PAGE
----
When Food Is an Icon

When Food Is an Icon


by Guia Beatrice Pirotti, SDA associate professor of practice
Translated by Alex Foti

Italians like to eat well without giving up domestic specialties such as pasta, pizza or coffee: this is a fact. Italians also like to discover and immerse themselves in the spirit of other nations. How can you put the two together? The brands imported from other countries, and in particular those in food & beverage and restaurant chains, posed themselves the question when they decided to open shop in Italy. Think, for example, of Starbucks, Domino's Pizza or McDonald's. One thus wonders about the mix of strategies and ingredients enabling such a move, that is, to import into Italy - home of traditional recipes and good food - brands conceived in countries having different tastes and flavors while still managing to make them iconic. There are three basic steps.

First of all, quality and adaptation of the product. There are certain critical success factors which cannot be ignored. In Italy, quality counts: a coffee must be a good coffee and a pizza a good pizza. This means that, very often, it is necessary to make product adaptations that take into account the specific preferences of the country's customers. At Starbucks Italia we find traditional espresso coffee, while the starred mermaid's partnership with Princi makes it possible to associate typical Italian pastry and bakery products with coffee. In the case of Domino's, the pizza recipe was designed specifically for the Italian market, with a product in line with tradition and ingredients including mother yeast made from durum wheat flour used in the Altamura bread from Apulia. Even McDonald's, the brand considered an emblem of globalization, has worked on local adaptations. Adjustments have been made through the years to adapt to local tastes: from the collaboration with chef Gualtiero Marchesi to the introduction of pasta salads, up to the most recent inclusion of Nutella spread over bread. On the website there is also a section with the indication of all the Italian products used in the recipes listed under "Italian quality".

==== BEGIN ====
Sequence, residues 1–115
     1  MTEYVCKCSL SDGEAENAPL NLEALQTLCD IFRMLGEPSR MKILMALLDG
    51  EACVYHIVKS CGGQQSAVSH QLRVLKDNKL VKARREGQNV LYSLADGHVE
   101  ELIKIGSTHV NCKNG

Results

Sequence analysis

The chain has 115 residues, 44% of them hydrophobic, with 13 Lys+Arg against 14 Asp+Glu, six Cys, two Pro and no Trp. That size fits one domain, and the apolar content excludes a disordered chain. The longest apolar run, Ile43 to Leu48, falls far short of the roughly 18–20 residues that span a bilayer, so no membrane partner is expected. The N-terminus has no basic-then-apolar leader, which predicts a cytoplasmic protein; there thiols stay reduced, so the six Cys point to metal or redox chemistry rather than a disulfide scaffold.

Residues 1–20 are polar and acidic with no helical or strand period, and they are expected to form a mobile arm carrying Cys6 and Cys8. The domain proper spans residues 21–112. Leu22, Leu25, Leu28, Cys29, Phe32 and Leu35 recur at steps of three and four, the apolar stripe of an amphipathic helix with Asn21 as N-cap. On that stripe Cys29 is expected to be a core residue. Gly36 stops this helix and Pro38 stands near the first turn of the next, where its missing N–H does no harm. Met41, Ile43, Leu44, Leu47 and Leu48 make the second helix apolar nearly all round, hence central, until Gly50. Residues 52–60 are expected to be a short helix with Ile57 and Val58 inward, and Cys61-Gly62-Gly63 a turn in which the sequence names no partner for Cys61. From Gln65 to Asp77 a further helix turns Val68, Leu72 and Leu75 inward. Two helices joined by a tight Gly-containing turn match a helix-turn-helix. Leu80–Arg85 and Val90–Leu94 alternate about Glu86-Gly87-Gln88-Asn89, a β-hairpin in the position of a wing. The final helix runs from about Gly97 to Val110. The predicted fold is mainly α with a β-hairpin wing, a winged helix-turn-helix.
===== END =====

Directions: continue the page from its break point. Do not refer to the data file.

Secondly, the experience linked to food is important, so consumers embrace representative international products. If a certain adaptation of the product becomes necessary, it is also true that certain representative products international brands allow the consumer to have a fun experience. For example, Domino's legends such as pizza with Pepperoni or Hawaiian pizza are so representative of the brand of origin, and linked to its American context, that they cannot be missing from the menu. Seeking the true American experience, when we enter the Starbucks in Cordusio Square in Milan, we expect to find the real Frappuccino. This is a transformation which turns food from a functional element - having to feed oneself - into an experiential moment, capable of bringing people together and making us think of distant countries.

Finally, service and technology are crucial factors to strengthen the strategy in every country. Making service and technology distinctive resources and being able to replicate them across different countries, allows companies to export their strengths and standardize many procedures. Domino's, for example, has made service and technology its strong points and this remains valid in every nation, something which can only strengthen its internationalization strategy. Think about the possibility of creating your own pizza and seeing it come to life on the screen with Pizza Builder, or the possibility of ordering online, paying online or at delivery, and following the status of orders in real time. Service and technology are winning cards to be played at the global table.

These three steps enable food chains to meet local tastes, offering an experience that brings people together while leveraging their organizational assets. In other words, these are the key moves that make international brands iconic within national borders.

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